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Ghostly Tales (J. S. Le Fanu) online
Schalken the Painter
The stranger, having finished this message, turned abruptly, and, with a quick, but silent step quitted the room, before Schalken had time to say a word in reply. The young man felt a curiosity to see in what direction the burgher of Rotterdam would turn, on quitting the studio, and for that purpose he went directly to the window which commanded the door. A lobby of considerable extent intervened between the inner door of the painter's room and the street entrance, so that Schalken occupied the post of observation before the old man could possibly have reached the street. He watched in vain, however. There was no other mode of exit. Had the queer old man vanished, or was he lurking about the recesses of the lobby for some sinister purpose? This last suggestion filled the mind of Schalken with a vague uneasiness, which was so unaccountably intense as to make him alike afraid to remain in the room alone, and reluctant to pass through the lobby. However, with an effort which appeared very disproportioned to the occasion, he summoned resolution to leave the room, and, having locked the door and thrust the key in his pocket, without looking to the right or left, he traversed the passage which had so recently, perhaps still, contained the person of his mysterious visitant, scarcely venturing to breathe till he had arrived in the open street.
"Minheer Vanderhausen!" said Gerard Douw within himself, as the appointed hour approached, "Minheer Vanderhausen, of Rotterdam! I never heard of the man till yesterday. What can he want of me? A portrait, perhaps, to be painted; or a poor relation to be apprenticed; or a collection to be valued; or--pshaw! there's no one in Rotterdam to leave me a legacy. Well, whatever the business may be, we shall soon know it all."
It was now the close of day, and again every easel, except that of Schalken, was deserted. Gerard Douw was pacing the apartment with the restless step of impatient expectation, sometimes pausing to glance over the work of one of his absent pupils, but more frequently placing himself at the window, from whence he might observe the passengers who threaded the obscure by-street in which his studio was placed.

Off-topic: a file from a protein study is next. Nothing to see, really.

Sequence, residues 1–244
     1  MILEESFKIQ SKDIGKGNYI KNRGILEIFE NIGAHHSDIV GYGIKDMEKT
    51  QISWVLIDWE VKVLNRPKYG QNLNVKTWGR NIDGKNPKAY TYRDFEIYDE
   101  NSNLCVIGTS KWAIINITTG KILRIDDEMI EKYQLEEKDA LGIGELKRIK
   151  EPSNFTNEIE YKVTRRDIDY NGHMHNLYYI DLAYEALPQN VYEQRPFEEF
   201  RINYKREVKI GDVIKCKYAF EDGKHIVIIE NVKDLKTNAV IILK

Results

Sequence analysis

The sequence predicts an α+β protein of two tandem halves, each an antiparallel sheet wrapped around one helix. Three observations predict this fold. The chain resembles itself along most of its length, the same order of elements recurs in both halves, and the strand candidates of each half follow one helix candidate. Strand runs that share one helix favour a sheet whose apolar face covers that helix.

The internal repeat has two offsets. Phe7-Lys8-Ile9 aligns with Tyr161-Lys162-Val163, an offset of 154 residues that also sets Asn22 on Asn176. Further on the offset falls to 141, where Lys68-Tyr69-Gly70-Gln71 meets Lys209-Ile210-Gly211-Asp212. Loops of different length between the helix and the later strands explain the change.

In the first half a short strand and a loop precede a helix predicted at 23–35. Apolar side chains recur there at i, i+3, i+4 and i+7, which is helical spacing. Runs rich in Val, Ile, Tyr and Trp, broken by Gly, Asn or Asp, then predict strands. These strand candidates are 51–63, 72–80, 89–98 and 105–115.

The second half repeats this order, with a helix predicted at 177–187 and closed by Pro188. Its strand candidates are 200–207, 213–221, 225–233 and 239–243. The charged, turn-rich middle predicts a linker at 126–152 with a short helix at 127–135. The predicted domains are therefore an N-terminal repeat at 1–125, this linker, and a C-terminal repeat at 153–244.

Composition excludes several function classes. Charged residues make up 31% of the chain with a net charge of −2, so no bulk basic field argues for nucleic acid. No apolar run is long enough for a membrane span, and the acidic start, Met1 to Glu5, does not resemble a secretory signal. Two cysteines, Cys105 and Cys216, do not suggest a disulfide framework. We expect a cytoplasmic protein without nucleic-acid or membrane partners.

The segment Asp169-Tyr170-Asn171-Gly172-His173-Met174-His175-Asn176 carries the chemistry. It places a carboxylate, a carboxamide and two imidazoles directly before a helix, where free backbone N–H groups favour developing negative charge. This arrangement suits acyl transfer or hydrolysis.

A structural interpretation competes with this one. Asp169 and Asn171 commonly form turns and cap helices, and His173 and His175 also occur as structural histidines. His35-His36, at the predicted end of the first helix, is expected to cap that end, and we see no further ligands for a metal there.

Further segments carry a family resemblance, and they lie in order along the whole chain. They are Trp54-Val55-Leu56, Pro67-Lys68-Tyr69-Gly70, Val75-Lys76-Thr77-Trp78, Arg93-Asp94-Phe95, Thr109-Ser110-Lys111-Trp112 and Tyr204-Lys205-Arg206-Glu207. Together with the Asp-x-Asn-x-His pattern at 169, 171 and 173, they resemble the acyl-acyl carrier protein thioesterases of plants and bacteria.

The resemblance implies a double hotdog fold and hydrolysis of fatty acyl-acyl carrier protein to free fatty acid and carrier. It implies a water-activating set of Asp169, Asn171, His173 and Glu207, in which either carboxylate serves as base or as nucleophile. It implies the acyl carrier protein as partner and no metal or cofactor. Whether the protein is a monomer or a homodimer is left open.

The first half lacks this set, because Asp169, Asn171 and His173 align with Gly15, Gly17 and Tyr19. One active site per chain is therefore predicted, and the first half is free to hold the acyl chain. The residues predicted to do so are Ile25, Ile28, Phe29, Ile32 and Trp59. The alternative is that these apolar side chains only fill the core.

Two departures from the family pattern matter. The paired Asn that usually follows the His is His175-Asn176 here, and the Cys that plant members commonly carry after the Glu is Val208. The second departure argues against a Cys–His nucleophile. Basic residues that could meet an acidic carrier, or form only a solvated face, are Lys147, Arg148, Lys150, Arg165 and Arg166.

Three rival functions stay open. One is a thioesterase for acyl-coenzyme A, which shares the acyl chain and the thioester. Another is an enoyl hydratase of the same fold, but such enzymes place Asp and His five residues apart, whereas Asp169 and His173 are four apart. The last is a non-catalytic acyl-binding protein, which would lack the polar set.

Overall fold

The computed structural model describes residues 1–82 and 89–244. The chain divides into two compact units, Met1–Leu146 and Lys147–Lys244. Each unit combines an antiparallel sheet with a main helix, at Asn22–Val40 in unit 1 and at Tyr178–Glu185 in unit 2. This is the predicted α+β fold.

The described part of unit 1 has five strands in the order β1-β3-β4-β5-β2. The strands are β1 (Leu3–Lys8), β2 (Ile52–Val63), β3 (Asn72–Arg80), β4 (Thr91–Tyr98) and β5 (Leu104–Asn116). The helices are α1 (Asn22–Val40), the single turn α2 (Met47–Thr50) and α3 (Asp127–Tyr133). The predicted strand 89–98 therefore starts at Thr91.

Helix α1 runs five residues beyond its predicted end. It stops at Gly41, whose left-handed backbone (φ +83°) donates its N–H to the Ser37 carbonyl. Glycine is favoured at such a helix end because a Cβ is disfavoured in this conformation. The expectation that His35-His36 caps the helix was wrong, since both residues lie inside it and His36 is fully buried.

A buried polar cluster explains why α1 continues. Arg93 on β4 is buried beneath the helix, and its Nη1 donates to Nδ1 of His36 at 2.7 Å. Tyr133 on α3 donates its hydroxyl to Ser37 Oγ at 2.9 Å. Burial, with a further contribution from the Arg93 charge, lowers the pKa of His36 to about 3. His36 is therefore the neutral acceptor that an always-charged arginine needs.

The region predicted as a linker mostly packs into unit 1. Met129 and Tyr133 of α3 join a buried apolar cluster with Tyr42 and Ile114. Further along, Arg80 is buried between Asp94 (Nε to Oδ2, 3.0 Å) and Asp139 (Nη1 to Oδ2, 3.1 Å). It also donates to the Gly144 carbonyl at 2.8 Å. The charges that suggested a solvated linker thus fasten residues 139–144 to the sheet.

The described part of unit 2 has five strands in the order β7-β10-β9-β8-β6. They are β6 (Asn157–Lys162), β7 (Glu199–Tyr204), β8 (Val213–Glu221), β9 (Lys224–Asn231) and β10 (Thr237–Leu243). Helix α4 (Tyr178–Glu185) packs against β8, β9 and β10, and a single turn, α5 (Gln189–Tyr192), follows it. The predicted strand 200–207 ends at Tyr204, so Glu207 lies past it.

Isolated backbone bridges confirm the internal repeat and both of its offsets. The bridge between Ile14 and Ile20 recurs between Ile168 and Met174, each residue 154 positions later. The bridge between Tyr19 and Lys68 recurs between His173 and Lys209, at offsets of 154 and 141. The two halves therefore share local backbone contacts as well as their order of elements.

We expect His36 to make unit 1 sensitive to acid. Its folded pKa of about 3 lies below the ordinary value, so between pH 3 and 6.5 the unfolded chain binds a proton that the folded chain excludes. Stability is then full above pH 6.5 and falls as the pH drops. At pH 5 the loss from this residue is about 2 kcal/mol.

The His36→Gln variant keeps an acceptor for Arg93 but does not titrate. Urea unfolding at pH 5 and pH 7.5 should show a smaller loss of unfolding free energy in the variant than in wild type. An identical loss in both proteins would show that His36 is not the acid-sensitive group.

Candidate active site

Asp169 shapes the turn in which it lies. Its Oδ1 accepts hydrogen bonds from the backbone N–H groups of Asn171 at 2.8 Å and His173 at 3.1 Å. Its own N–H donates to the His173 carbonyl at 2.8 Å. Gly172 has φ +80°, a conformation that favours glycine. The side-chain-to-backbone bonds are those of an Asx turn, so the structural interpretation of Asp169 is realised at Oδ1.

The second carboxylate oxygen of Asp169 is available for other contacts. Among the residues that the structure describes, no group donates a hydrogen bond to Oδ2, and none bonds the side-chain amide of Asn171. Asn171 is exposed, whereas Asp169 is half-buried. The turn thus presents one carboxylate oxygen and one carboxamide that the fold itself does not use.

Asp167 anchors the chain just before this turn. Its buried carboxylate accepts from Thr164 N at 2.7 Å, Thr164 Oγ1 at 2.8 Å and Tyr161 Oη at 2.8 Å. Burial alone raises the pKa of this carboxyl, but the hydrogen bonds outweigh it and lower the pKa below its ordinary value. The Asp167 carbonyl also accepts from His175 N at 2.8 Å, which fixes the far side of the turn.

"Said you not, Godfrey," exclaimed Douw, after a long and fruitful gaze from his post of observation, and turning to Schalken, "that the hour he appointed was about seven by the clock of the Stadhouse?"
"It had just told seven when I first saw him, sir," answered the student.
"The hour is close at hand, then," said the master, consulting a horologe as large and as round as an orange. "Minheer Vanderhausen from Rotterdam--is it not so?"
"Such was the name."
"And an elderly man, richly clad?" pursued Douw, musingly.
"As well as I might see," replied his pupil; "he could not be young, nor yet very old, neither; and his dress was rich and grave, as might become a citizen of wealth and consideration."
At this moment the sonorous boom of the Stadhouse clock told, stroke after stroke, the hour of seven; the eyes of both master and student were directed to the door; and it was not until the last peal of the bell had ceased to vibrate, that Douw exclaimed----
"So, so; we shall have his worship presently, that is, if he means to keep his hour; if not, you may wait for him, Godfrey, if you court his acquaintance. But what, after all, if it should prove but a mummery got up by Vankarp, or some such wag? I wish you had run all risks, and cudgelled the old burgomaster soundly. I'd wager a dozen of Rhenish, his worship would have unmasked, and pleaded old acquaintance in a trice."